A month after absorbing a second consecutive 20-point defeat, Virginia is riding its longest ACC winning streak in a decade and is bowl-eligible.
Life comes at you fast, my friends.
Almost as fast as the Cavaliers’ offense.
Trailing by two scores early Saturday night, Virginia scored on seven of its next eight possessions — the exception was a Hail Mary to close the first half — and defeated Georgia Tech 48-40 at Scott Stadium.
“It’s super fun,” quarterback Brennan Armstrong said of the offense. “I’ve got a lot of talent around me.”
Yes he does, and given their late-game mishaps, the Cavaliers needed every ounce of that talent.
Virginia (6-2, 4-2 ACC) yielded two touchdowns in the final 1:16, failed to recover an onside kick after both and could not exhale until Joey Blount broke up Jeff Sims’ 31-yard, last-gasp pass into the end zone.
That will, and should, give defensive coordinator Nick Howell and special teams coordinator Ricky Brumfield pause. Conversely, offensive coordinator Robert Anae couldn’t have asked for much more.
The Cavaliers gained 636 yards, their most in an ACC game since 643 against Duke in 2010. They rushed for a season-high 240 yards, 99 by Armstrong, who accounted for all six UVA touchdowns — four passing and two rushing.
Virginia was turnover-free, and Armstrong threw for 396 yards, just shy of his fifth 400-yard passing game this year. Prior to this season, UVA quarterbacks had passed for at least 400 yards three times in 1,343 games, twice by Kurt Benkert and once by Marc Verica.
“He’s electric, man,” defensive back Coen King said of Armstrong. “Our ... entire offense is.”
“We kept trying to change it up and kept trying to change the pressures,” Tech coach Geoff Collins said, “and he just kept seeing and finding [soft spots]. He just has a knack for finding a way to keep plays alive and find his receivers, and he keeps his eyes downfield and he makes plays.”
As usual, Armstrong leaned on his four exceptional receivers: Dontayvion Wicks, Keytaon Thompson, Billy Kemp and Jelani Woods.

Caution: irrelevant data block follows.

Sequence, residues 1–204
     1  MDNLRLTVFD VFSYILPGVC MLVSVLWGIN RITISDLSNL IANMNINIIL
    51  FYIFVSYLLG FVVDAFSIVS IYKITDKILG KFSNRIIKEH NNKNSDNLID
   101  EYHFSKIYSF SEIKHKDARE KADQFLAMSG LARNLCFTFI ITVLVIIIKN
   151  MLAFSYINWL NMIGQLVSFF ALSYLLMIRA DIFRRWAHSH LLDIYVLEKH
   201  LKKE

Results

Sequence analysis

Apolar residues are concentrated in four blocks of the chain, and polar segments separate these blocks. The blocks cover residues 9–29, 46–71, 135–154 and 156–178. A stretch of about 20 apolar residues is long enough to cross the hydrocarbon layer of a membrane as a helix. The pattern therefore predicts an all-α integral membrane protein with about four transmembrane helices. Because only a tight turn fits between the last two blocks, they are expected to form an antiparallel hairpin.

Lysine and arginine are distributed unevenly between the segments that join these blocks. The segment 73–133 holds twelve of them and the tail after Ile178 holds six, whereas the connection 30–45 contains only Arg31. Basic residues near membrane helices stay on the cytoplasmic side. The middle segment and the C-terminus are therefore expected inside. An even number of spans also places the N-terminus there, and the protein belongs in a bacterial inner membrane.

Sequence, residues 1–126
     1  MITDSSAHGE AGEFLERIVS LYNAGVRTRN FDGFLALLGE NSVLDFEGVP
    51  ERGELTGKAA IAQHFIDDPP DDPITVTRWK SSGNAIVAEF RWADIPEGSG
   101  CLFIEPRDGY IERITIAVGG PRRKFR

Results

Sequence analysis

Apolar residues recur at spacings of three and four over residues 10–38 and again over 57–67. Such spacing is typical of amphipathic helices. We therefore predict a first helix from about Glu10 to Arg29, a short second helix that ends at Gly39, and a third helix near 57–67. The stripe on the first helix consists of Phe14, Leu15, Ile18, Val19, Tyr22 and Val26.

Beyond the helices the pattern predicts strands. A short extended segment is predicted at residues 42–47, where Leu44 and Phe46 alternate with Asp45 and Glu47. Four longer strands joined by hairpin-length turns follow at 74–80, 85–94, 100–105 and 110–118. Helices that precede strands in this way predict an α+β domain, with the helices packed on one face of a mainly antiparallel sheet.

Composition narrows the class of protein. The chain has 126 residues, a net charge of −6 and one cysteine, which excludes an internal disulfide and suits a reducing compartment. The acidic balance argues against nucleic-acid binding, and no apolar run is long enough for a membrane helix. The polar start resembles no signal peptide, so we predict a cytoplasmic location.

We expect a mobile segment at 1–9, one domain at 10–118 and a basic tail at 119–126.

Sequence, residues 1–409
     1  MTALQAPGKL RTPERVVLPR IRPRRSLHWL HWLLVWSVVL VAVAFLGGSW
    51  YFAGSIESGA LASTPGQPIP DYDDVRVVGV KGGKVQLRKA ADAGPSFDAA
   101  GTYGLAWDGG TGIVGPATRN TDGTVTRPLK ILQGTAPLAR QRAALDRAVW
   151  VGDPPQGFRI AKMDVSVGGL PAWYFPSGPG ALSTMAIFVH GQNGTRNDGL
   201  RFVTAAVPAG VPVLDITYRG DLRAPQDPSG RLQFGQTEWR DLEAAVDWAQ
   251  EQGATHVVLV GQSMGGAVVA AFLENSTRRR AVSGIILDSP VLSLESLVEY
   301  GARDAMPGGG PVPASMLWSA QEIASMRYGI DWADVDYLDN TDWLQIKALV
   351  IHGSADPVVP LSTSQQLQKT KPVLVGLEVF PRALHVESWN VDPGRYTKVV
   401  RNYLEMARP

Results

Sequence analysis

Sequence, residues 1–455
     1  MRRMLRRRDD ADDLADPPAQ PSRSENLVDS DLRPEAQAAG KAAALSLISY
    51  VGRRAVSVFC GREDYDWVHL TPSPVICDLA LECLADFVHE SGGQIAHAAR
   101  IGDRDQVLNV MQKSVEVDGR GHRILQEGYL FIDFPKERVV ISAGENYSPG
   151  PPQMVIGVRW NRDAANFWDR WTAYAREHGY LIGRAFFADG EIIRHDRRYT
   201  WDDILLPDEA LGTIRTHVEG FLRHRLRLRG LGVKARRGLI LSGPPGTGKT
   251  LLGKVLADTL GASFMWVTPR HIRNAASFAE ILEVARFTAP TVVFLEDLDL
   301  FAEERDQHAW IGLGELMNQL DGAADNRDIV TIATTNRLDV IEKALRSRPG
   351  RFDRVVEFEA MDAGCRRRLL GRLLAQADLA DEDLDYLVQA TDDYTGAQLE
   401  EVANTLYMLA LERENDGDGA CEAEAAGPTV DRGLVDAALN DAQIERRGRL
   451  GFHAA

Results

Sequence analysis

Wicks (six receptions, 168 yards and two touchdowns Saturday) can score from anywhere on the field, as he showed on a 77-yard catch-and-run in the second quarter to give UVA its first lead. Thompson catches everything within the area code, Kemp is uncanny in the slot, and at 6-foot-7, 265 pounds, Woods borders on undefendable.
And let’s not forget Ra’Shaun Henry, whose lone reception Saturday went for 20 yards and the Cavaliers’ final touchdown.
“You can’t do this solo in football,” Armstrong said.
The Yellow Jackets (3-4, 2-3) bolted to a 13-0 lead and gained 195 yards in the first quarter. But multiscore deficits don’t faze these Cavaliers in the fourth quarter, much less the first, witness their 34-33 victory at Louisville, where they trailed 30-13 after three periods.
Four weeks ago here, UVA lost to Wake Forest 37-17. This came on the heels of a 59-39 beating at North Carolina.
The Cavaliers were 0-2 in the ACC. In one astonishing stretch of those two contests, Virginia failed to force a punt on 19 consecutive opponent possessions.
But errant field goals on the final snap at Miami and Louisville allowed UVA to escape with back-to-back ACC road victories. Then came last week’s 48-0 rout of downtrodden Duke and Saturday’s survival.
This is the Cavaliers’ first four-game conference winning streak since 2011, when Mike London’s crew defeated Miami, Maryland, Duke and Florida State en route to an 8-4 regular season and Chick-fil-A Bowl invitation.
What’s truly peculiar is the upcoming schedule. Before closing the regular season with ACC Coastal Division rivals Pitt and Virginia Tech, UVA plays nonconference games against Brigham Young next Saturday and, following an open date, Nov. 13 against Notre Dame.
The last time Virginia’s final four regular-season dates included two nonleague contests was 2002, when the Cavaliers played at Penn State on Nov. 9 and at Virginia Tech, then a Big East program, Nov. 30.
This final stretch will test UVA like no other this season. BYU, Notre Dame and Pitt are 18-4 combined, and though struggling at 3-4, Virginia Tech is almost always a chore for the Cavaliers.
With 23 touchdown passes, Armstrong is five shy of matching Matt Schaub’s season Virginia record from 2002. With 3,220 passing yards, he’s 318 away from equaling Bryce Perkins’ UVA record from 2019.
Is Armstrong getting enough national love?
“If he he’s not, I don’t know how come,” Virginia coach Bronco Mendenhall said. “I don’t what else you have to do or what other numbers you have to put up or how else you have to lead a team.”